Because the rice to be processed is put in the hopper portion 11, the supply port 6 is moderately sealed by a stack of the rice in the hopper portion 11 to prevent steam from escaping through the supply port 6. Note that the amount of rice placed into the hopper portion 11 can be controlled by, for example, monitoring a level of the rice in the hopper portion 11 with any desired level sensor and then adjusting the amount of rice supplied.

The height of the shut-off plate 12 defining the discharge port 7 is adjusted so that the discharge port 7 is moderately sealed to prevent steam from escaping through the discharge port 7. Additionally, the shut-off plate 12 is structured to be capable of tilting in the direction of running of the belt to ensure that the discharge port 7 is moderately sealed without causing any damage, e.g., crush, on the layer 9 of the rice steamed and moved through the discharge port 7 successively.

As shown in FIG. 1, exhaust ports 14 are formed in a top panel of the upper housing member 5 at appropriate positions. A duct 15 is provided above the exhaust port 14, and steam rising toward the exhaust port 14 is sucked through the duct 15 by a fan. The exhaust amount is adjustable by opening and closing a regulating plate associated with the exhaust port 14. A specific value of the exhaust amount is set appropriately depending on the amount and kind of rice to be processed or the kind of finally cooked rice.

Incidentally, the duct 15 has a telescoping structure, i.e., a double-wall structure comprising an inner tube and an outer tube sliding relative to each other, allowing the duct 15 to move vertically together with the upper housing member 5.

As shown in FIG. 2, the lower housing member 4 is arranged to surround from below a steam supply device 3 disposed on the rear side of the carrying surface 2 of the 4 endless conveyor belt 1, and the upper housing member 5 being of box-like lid is arranged in covering relation to the lower housing member 4 in a vertically movable manner. Though not particularly limited in materials, the lower housing member 4 and the upper housing member 5 are each preferably made of such a material as having both properties of heat resistance and heat insulation, and enabling cleaning and maintenance service to be easily performed. The housing members 4, 5 can be usually made of stainless steel.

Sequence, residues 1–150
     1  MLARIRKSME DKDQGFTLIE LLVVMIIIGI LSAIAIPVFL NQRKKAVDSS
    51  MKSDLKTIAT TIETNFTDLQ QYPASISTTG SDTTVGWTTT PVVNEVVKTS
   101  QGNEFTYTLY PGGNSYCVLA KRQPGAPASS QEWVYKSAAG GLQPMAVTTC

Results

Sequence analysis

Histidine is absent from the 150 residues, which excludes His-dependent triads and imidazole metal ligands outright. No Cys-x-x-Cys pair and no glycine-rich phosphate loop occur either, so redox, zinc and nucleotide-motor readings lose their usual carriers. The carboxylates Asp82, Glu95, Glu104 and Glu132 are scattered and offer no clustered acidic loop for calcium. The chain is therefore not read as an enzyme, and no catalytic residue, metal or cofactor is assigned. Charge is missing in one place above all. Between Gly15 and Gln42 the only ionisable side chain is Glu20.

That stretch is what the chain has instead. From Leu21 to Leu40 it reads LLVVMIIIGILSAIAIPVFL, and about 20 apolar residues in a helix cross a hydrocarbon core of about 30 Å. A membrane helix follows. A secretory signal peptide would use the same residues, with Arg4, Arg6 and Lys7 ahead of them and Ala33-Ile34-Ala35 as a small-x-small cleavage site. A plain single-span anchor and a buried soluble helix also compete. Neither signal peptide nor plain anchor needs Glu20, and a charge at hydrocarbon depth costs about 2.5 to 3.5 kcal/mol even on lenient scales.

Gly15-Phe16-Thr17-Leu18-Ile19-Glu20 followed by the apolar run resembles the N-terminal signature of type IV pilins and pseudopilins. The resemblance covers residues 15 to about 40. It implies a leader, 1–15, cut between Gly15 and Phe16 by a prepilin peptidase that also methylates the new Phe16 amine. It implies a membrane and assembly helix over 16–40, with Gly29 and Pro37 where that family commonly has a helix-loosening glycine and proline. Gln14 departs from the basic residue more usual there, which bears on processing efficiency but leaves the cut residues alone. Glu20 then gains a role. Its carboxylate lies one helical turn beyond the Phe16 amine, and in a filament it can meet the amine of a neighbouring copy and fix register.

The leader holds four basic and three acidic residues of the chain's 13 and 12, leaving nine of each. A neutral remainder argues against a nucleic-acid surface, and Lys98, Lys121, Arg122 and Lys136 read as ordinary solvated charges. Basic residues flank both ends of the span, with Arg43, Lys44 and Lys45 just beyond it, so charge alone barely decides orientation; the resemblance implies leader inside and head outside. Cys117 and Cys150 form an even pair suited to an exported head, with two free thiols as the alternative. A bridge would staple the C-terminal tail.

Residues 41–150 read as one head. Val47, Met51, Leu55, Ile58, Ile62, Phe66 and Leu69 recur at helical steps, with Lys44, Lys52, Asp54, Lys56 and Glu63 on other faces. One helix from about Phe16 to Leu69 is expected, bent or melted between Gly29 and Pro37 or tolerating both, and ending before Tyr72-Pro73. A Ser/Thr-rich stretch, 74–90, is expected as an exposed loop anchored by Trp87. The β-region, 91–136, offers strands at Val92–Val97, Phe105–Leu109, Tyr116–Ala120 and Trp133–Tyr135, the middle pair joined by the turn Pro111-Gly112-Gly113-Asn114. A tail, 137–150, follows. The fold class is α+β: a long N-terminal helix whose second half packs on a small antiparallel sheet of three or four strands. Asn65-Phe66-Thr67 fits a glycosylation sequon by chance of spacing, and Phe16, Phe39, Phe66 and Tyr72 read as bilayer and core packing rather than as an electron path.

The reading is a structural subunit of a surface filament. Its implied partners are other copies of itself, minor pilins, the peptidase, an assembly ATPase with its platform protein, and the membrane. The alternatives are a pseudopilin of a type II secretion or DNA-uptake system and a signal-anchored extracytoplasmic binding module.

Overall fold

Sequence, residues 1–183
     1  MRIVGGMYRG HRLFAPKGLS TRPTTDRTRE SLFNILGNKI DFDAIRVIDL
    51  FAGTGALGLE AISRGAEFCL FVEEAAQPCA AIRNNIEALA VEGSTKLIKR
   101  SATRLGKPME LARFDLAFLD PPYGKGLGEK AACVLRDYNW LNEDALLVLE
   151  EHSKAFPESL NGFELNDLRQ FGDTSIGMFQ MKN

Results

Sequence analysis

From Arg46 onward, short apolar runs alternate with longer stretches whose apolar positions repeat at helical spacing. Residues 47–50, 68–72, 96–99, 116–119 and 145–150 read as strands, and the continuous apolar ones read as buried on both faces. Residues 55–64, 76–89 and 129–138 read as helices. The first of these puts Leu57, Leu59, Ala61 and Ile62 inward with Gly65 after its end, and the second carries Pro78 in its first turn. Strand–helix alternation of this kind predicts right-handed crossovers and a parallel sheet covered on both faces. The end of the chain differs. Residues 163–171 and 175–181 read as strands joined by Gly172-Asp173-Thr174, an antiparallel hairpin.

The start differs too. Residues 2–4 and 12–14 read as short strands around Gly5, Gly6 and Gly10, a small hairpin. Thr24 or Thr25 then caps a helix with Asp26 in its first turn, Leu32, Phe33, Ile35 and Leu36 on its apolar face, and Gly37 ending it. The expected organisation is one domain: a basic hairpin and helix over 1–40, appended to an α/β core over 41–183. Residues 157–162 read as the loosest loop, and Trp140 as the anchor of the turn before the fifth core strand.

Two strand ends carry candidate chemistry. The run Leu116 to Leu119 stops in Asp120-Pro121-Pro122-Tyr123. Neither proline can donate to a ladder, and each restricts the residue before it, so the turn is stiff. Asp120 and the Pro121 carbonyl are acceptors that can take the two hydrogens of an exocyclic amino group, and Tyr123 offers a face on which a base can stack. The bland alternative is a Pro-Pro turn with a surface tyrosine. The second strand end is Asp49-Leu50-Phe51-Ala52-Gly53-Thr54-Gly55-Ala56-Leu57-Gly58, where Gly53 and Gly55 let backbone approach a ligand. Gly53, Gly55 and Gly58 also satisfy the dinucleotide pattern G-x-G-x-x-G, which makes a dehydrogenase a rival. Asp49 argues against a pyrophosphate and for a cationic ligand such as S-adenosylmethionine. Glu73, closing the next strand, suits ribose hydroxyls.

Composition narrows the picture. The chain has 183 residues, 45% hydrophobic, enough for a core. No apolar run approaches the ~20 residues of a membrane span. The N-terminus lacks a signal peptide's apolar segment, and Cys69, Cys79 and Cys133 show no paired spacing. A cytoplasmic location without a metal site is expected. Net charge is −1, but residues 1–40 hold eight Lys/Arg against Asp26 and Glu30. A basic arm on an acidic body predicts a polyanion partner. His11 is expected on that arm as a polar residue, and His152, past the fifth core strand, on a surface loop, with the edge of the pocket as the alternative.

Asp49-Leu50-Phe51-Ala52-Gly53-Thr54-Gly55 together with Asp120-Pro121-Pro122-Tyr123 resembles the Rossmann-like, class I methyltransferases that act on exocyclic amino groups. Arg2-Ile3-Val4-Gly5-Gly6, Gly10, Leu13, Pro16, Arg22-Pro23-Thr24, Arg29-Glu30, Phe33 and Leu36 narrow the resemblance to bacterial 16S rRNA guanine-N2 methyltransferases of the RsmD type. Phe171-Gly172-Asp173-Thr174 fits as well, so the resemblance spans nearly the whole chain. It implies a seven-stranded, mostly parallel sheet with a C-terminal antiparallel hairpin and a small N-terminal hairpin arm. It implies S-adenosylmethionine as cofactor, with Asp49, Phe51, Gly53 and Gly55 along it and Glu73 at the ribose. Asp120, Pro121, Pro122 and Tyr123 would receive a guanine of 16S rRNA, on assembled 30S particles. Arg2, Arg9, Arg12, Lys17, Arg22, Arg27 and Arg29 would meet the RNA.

The upper housing member 5 is of a structure capable of moving vertically through a large stroke. By moving the upper housing member 5 upward, the steaming apparatus is opened on the upper side, making it easy to perform cleaning and maintenance service for the interior of the apparatus.

As mentioned above with reference to FIG. 2, the lower housing member 4 is arranged to surround from below the steam supply device 3 disposed on the rear side of the carrying surface 2 of the endless conveyor belt 1. A bottom surface of the lower housing member 4 is sloped downward from the center toward opposite side ends transversely with respect to the direction of running of the belt, the side ends being formed into gutters 8.

Water produced upon condensation of steam and then falling downward and extra hot water sprinkled to rice but not absorbed by the rice run down along the sloped bottom surface of the lower housing member 4 and are accumulated in the gutters 8 at both side ends. The water in the gutters 8 is discharged while being adjusted such that some water always resides in the gutters. Since opposite side ends of the upper housing member 5 are engaged in the gutters 8, the adjoining boundary between the upper housing member 5 and the gutters 8 is sealed by the water residing in the gutters, thereby keeping air-tightness of a space defined by the housing members 4, 5.

As shown in FIG. 3, the steam supply device 3 disposed in a space defined between an upper running portion 1-a and a lower running portion 1-b of the endless conveyor belt 1 comprises a steam chamber 3-a, steam supply tubes 3-b, a steam guiding porous plate 3-c, a steam introducing tube 3-d, and a steam regulator 3-e, the first three 3-a to 3-c being installed adjacent to the upper running portion 1-a, the last 3-e being installed outside the lower housing member 4.

The amount and temperature of steam supplied is selected appropriately depending on the amount and kind of rice to be processed or the kind of finally cooked rice.

The steam chamber 3-a is in the form of a box opened upward and having a width almost equal to the transverse width of the endless conveyor belt 1 with respect to the direction of running of the belt. Also, the steam chamber 3-a is installed in plural number in closely adjacent parallel relation in the direction of running of the endless conveyor belt 1.